By Father Leo Patalinghug
Food fans of Bravo’s TV reality cooking show competition “Top Chef Season 6” are familiar with Chef Bryan Voltaggio’s near victory. He lost to his younger brother, Chef Michael Voltaggio, in a dramatic finish.
The Voltaggio brothers from the Frederick area are cutting-edge chefs with high culinary pedigrees, known as clever and classy food technicians who use food science for fantastic, clean flavors. The success of Chef Bryan’s signature restaurant, Volt, which opened its doors in 2008 in Frederick, is attributed to hard work and dedication to a creative restaurant concept.
Chef Bryan, business collaborator Hilda Staples and a crew of highly trained palates and energetic food talent transformed a 19th-century brownstone mansion into a big-city, classy, modern restaurant with clean lines and non-intrusive accessories. The lack of visible handicap access and parking may be difficult for some patrons. Volt offers several dining venues including a private dining room, outdoor dining, a bar area, main dining room, and in the kitchen, where, for $121, reserved guests can sit at a bar to watch the action and be served 21 courses.
The modern American haute cuisine may intimidate some, but the unpretentious staff offers genuine hospitality and food education with a smile. Servers – wearing brown suits and brown fish head sneakers – strike the balance between whimsical and formal. Everyone enthusiastically offered guidance through the menu – a combination of familiar and unfamiliar foods, but with a unique (almost scientific) precision and twist. The wine menu, featuring many from Meritage in California, offered great variety with a sommelier to help diners pick the perfect glass or bottle.
Volt does require that each table decide between a “tasting” menu (vegetarian option included) or make sure that each diner gets the same number of courses from the a la carte menu. This menu organization allows servers to present each course flawlessly and simultaneously. For me, this created a dining anticipation that I’ve not had in a long time.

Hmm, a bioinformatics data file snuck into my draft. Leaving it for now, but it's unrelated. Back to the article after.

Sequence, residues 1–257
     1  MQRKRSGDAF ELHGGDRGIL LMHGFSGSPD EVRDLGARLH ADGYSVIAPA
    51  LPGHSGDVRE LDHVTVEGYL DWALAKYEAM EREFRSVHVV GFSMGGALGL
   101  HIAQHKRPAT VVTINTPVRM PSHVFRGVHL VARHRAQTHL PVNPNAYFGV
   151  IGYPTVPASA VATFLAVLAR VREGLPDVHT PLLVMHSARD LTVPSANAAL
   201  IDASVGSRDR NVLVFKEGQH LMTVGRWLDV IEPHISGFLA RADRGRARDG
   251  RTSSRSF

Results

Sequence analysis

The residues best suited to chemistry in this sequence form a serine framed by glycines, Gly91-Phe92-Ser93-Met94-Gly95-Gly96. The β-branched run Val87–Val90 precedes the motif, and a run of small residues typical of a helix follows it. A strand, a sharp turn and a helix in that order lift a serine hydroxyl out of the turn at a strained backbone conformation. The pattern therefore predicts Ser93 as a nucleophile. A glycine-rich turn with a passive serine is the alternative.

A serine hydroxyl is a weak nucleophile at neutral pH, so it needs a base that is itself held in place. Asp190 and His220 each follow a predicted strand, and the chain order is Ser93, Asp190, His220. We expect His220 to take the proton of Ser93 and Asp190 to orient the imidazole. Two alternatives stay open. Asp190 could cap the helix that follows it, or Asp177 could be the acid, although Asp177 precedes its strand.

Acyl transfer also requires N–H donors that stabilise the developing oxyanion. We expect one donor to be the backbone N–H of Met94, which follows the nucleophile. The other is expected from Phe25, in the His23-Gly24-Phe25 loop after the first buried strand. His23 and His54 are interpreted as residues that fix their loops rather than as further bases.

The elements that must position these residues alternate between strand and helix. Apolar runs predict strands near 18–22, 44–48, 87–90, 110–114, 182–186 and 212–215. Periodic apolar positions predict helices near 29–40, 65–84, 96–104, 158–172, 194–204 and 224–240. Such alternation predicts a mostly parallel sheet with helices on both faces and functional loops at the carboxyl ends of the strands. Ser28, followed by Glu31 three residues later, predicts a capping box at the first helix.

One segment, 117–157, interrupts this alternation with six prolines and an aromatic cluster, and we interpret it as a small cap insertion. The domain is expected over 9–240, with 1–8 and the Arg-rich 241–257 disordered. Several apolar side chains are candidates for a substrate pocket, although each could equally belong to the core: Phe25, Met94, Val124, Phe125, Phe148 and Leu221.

The food is worthy of Top Chef, of course. That evening, the chef de cuisine, Graeme Ritchie – also a finalist for “Top Chef Masters Season 5, Battle of Sous-Chefs,” prepared the meal. It started with an amuse bouche (one-bite opener) of beet and foie grois macaroon, which dissipates on your tongue, leaving the foi essence and bright beet juice. Fantastic! Equally wowing plates followed. The farm-to-table yellow tomato-and-crab soup was tart, sweet, and had a hint of savory mustard. Creative pasta courses, such as squid Bolognese, elevated an Italian classic. Chef Graeme then offered a complementary fish course, perfectly cooked with unique sauces. The meat course proved deft cooking techniques, as each season-balanced, fork-tender bite brought smiles and wonder. Desserts were deliciously familiar in taste, but presented as works of art with variety and texture. Each patron then even received a parting gift – a coffee cake – just to remember the award-winning meal.
My dinner at Volt only happened because of the invitation of good and generous friends. In a season of remembering and to “give thanks,” this dinner made me ever grateful for the power of good food and excellent service. Celebrity chef Bryan Voltaggio and his crew at Volt will always win over hearts and minds – the important victory in life.
Visit gracebeforemeals.com for more information.